When we were enduring the rigours of the blanket protest there were few who did not know what was going on. There was not a lot to be done or in some cases not sought to be done. But society never had the comfort blanket of ignorance about what was going on behind its penal walls. It knew full well what it paid its vile screws to do: don a uniform and wilfully maltreat those who refused to wear any such thing.
Why Dolgun reminded me of the Harry Fitzsimmons situation is because in his current circumstances there seems to be him and the reader. And there is little enough to be read. The Irish News alone seems to be championing the cause of human rights for prisoners. And even then it is on the basis of limited information. Why in this modern age have television cameras not been rolling in his cell? There is an attempt being made by prison management to entomb Harry Fitzsimmons in a sound proof environment, where it alone hears and ignores him. It is chipping away, unchecked, at the advances made by prisoners in the wake of the sustained protests and hunger strikes of three decades ago.
His partner Paula outlining something of what Harry Fitzsimmons underwent stated:
Last Thursday, Harry was dragged from his cell, battered, bruised, kicked, and stamped on his chest by several screws. They danced on his chest. He was able to ring home right afterward to our 16-year old daughter. He was breathless and could barely talk or breathe. He had no doctor, and no water. Harry was dragged into SSU (isolation) where he had his clothes cut off his body. He was handcuffed and chained to a bed. We've had no word from him since.
The Prison Service, lying through it teeth as it has always done in matters of prison staff brutality, has denied that Harry Fitzsimmons or any other prisoner had been beaten. Those of us who spent time on the wrong side of the walls and either witnessed or endured so much brutality and beatings have no recollection of the Prison Service ever admitting to it.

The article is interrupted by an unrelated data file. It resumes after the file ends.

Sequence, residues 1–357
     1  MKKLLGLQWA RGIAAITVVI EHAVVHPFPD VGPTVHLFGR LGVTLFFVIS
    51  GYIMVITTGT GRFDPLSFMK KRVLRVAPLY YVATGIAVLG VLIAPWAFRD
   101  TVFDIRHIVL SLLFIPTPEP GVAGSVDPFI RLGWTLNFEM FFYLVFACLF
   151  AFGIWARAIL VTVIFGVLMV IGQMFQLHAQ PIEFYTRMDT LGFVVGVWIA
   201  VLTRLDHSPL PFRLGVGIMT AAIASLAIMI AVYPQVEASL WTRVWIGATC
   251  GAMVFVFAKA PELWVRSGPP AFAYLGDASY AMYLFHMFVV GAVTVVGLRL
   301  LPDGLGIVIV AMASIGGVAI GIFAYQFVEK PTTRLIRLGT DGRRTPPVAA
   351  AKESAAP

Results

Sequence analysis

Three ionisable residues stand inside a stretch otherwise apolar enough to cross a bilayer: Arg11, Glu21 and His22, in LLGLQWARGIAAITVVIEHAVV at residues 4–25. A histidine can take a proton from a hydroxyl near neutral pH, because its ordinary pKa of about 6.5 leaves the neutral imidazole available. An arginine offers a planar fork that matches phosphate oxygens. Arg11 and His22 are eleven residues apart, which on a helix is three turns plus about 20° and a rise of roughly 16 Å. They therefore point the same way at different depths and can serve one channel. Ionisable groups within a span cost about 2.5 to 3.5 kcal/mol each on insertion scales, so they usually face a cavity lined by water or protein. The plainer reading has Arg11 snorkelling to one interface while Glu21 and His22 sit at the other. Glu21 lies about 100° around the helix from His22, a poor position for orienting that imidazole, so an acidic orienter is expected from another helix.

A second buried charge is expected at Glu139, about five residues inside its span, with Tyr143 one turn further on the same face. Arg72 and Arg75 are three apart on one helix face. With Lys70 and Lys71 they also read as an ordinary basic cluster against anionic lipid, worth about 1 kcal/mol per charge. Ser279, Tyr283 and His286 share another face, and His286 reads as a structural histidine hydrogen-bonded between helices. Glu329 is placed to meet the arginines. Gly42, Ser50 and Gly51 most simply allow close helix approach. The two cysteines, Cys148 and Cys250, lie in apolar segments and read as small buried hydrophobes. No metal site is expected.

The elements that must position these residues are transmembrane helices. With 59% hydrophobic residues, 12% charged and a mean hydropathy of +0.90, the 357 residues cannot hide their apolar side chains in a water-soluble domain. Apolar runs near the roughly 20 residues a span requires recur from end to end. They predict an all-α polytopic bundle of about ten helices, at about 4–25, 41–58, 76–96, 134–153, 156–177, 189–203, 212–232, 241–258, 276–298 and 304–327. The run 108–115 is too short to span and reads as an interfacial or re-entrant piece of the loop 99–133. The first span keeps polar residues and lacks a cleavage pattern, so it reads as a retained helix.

A jail chaplain informed his family that he could provide little news other than that Harry Fitzsimmons was being singled out in the SSU for special attention. His family was then denied a visit with him. Even more alarming was a claim by his solicitor that there was nothing he could do to reach the imprisoned man. The solicitor informed Paula that prison management was denying phone calls, family or legal visits. In a bid to counter this, the solicitor moved to take out a judicial review.
Is this 2010? Can prison management with its long history of abuse be given such power over someone in its custody? What has been furthered other than political careers if after 40 years of campaigning this is happening in the ‘penal dustbin’ at the centre of policing and justice?
Lillian Fitzsimmons, a sister of the imprisoned man, flagging up the vindictive nature of the prison regime pointed out that:
Harry was in Portlaoise before being moved to Maghaberry and had no problems. It shows this has nothing to do with security. If the regime in the South works without having to resort to such serious abuses of human rights then why can’t Maghaberry be the same?
It is not the same because power resides where it always has. The power of Finchley has never diminished. It extends to the North and courses through the repressive capillaries of British state malpractice. As micro Minister for Justice, ‘Lord Charles’ Ford makes not one iota of difference. His is the voice of those at his back – Whitehall.
Meanwhile, justice, as it always has in the North’s prisons, continues to caress the faces of republican prisoners – with its boot.